Of the 163 million women in the United States, 10.7 million are Asian American Pacific Islander (AAPI), and over 50 percent of all AAPI women are of reproductive age. AAPI women consider having the authority to make decisions about their bodies as a key issue, and Texas Senate Bill (S.B.) 8 harms AAPI women in Texas who seek to have autonomy over their own reproductive health.

Impact of S.B. 8 on AAPI Texans

  • S.B. 8 disproportionately impacts people of color, including low-income and immigrant AAPI persons in Texas, home to 1.5 million Asian Americans, the third-largest AAPI population in the country, after California and New York.
    • Within this population, 12 percent lack health insurance, 11 percent live in poverty, and a staggering 17 percent are estimated to be without immigration status.
  • S.B. 8 further isolates low-income and immigrant AAPIs by making abortion care unaffordable and out of reach.
  • Patients who are able to afford it are driving hundreds of miles for out-of-state abortion care, including at least 12 states that do not border Texas.
  • The stakes are even higher for immigrants who are traveling through ICE checkpoints without status or documentation.

AAPI Access to Abortion

  • AAPI women already face numerous barriers to abortion, including economic and legal obstacles. While access to healthcare is a top priority for AAPI women, AAPI women are overrepresented in front-line and low-wage jobs that prevent them from accessing healthcare.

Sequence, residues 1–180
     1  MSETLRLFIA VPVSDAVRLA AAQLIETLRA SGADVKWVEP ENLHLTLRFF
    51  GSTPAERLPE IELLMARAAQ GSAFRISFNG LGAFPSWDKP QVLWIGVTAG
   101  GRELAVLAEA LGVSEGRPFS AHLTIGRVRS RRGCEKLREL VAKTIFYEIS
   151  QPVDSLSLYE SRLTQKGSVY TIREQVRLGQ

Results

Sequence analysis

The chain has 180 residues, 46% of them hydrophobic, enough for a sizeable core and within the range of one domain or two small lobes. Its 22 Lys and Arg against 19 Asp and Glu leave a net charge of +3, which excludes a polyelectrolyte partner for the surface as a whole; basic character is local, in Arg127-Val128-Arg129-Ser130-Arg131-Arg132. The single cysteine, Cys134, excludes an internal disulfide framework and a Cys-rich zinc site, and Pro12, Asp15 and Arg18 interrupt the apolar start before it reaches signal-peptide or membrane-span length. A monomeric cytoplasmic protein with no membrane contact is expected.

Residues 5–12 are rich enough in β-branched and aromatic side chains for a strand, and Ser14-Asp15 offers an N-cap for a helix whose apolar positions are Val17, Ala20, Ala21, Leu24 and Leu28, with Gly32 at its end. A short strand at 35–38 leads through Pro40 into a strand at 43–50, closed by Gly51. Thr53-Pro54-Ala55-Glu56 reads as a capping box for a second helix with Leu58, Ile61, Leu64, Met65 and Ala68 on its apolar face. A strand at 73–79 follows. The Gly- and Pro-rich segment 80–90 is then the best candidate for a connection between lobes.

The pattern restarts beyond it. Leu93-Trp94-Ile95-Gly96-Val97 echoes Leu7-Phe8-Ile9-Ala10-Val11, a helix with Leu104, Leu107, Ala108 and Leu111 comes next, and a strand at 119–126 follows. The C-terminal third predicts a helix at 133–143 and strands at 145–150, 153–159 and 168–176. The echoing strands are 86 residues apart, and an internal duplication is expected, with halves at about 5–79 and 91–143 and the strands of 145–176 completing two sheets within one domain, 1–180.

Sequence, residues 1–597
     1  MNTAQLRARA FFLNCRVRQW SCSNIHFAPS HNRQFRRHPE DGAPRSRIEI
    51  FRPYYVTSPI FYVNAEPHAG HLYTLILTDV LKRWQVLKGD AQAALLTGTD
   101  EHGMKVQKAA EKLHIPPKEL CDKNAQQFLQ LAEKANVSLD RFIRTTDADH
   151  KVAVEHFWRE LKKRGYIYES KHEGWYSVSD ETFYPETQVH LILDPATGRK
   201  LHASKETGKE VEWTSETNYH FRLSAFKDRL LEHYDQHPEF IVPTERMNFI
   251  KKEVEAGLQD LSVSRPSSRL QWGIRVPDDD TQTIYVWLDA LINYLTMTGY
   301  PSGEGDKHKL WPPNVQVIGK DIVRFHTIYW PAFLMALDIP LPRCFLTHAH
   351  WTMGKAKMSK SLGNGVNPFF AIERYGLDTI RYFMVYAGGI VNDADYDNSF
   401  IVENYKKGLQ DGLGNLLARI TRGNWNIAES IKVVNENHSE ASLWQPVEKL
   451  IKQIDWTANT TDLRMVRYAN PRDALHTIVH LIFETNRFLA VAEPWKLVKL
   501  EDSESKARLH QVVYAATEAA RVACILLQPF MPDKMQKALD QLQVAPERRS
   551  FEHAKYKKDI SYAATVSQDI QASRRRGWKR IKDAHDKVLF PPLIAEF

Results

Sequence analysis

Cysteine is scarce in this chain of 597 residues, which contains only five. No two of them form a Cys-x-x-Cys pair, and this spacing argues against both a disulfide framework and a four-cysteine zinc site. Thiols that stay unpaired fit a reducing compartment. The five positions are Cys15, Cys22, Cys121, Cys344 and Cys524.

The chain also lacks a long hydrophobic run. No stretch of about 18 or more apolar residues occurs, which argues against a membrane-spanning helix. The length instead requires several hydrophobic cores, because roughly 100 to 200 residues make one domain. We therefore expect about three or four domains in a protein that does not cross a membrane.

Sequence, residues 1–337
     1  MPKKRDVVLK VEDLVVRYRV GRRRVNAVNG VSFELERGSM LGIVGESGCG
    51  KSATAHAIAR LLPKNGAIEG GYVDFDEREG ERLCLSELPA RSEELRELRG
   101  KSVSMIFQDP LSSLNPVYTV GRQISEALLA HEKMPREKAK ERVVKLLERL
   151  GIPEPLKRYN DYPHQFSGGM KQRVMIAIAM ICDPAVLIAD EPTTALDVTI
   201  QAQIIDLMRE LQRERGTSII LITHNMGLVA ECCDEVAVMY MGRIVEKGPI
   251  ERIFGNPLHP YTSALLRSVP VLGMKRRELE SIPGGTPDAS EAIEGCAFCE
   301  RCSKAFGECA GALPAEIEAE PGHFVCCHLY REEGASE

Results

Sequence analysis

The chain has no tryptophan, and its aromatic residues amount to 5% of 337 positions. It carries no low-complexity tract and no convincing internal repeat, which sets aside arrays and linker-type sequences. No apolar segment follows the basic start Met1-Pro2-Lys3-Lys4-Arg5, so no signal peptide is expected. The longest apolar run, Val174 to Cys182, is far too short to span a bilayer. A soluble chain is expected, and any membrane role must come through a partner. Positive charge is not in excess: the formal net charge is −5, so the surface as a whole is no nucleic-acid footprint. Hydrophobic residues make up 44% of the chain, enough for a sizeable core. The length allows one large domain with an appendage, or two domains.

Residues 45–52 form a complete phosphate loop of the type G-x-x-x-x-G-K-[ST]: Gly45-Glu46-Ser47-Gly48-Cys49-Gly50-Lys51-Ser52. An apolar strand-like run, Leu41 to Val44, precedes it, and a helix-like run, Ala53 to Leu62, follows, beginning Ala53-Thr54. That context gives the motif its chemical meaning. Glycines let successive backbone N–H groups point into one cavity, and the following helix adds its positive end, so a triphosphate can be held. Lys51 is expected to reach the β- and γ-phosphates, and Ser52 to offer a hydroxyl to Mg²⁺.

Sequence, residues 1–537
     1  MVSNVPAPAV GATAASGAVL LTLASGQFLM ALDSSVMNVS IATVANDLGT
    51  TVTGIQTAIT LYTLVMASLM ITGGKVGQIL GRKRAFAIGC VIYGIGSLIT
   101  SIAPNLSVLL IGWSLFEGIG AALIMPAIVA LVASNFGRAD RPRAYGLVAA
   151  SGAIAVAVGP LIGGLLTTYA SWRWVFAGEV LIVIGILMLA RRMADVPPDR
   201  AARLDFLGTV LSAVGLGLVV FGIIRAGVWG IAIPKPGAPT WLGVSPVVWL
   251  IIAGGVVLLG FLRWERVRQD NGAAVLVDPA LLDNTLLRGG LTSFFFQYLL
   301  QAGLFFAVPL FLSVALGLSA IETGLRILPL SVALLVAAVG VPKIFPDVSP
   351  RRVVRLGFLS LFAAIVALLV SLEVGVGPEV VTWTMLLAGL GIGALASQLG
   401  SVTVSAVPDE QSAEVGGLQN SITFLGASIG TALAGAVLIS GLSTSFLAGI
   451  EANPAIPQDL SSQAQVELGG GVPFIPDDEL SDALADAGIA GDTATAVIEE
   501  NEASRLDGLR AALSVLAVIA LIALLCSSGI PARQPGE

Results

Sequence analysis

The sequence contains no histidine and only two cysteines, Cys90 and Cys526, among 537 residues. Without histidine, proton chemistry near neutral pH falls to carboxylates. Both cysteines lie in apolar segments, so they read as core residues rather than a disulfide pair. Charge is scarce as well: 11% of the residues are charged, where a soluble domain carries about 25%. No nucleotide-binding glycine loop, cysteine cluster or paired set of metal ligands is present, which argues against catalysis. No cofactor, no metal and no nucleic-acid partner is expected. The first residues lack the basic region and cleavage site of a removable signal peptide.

• Placing limits or denying access altogether to abortion can have devastating effects on the health of AAPI women, especially those with limited English proficiency, low incomes, immigrants, young people, members of the LGBTQ community, people with disabilities, and those living at the intersections of these identities.
  • Nearly 16 percent of non-elderly AAPI women relied on Medicaid in 2019.
  • For South and Southeast Asian women, this program is particularly important: Over 60 percent of Bhutanese women rely on Medicaid, while nearly 56 percent of Burmese women relied on the program in 2015.
  • Women on Medicaid are already struggling to make ends meet. When women are denied an abortion, they are more likely to fall into poverty than a woman who can obtain one.
  • When a woman is able to get an abortion, her children are more likely to achieve developmental milestones and live in a household above the poverty line than compared to the children of women who were denied abortions.
  • As long as S.B. 8 is in effect, it will isolate low-income and immigrant AAPIs by making abortion care unaffordable and out of reach, compounded by existing barriers.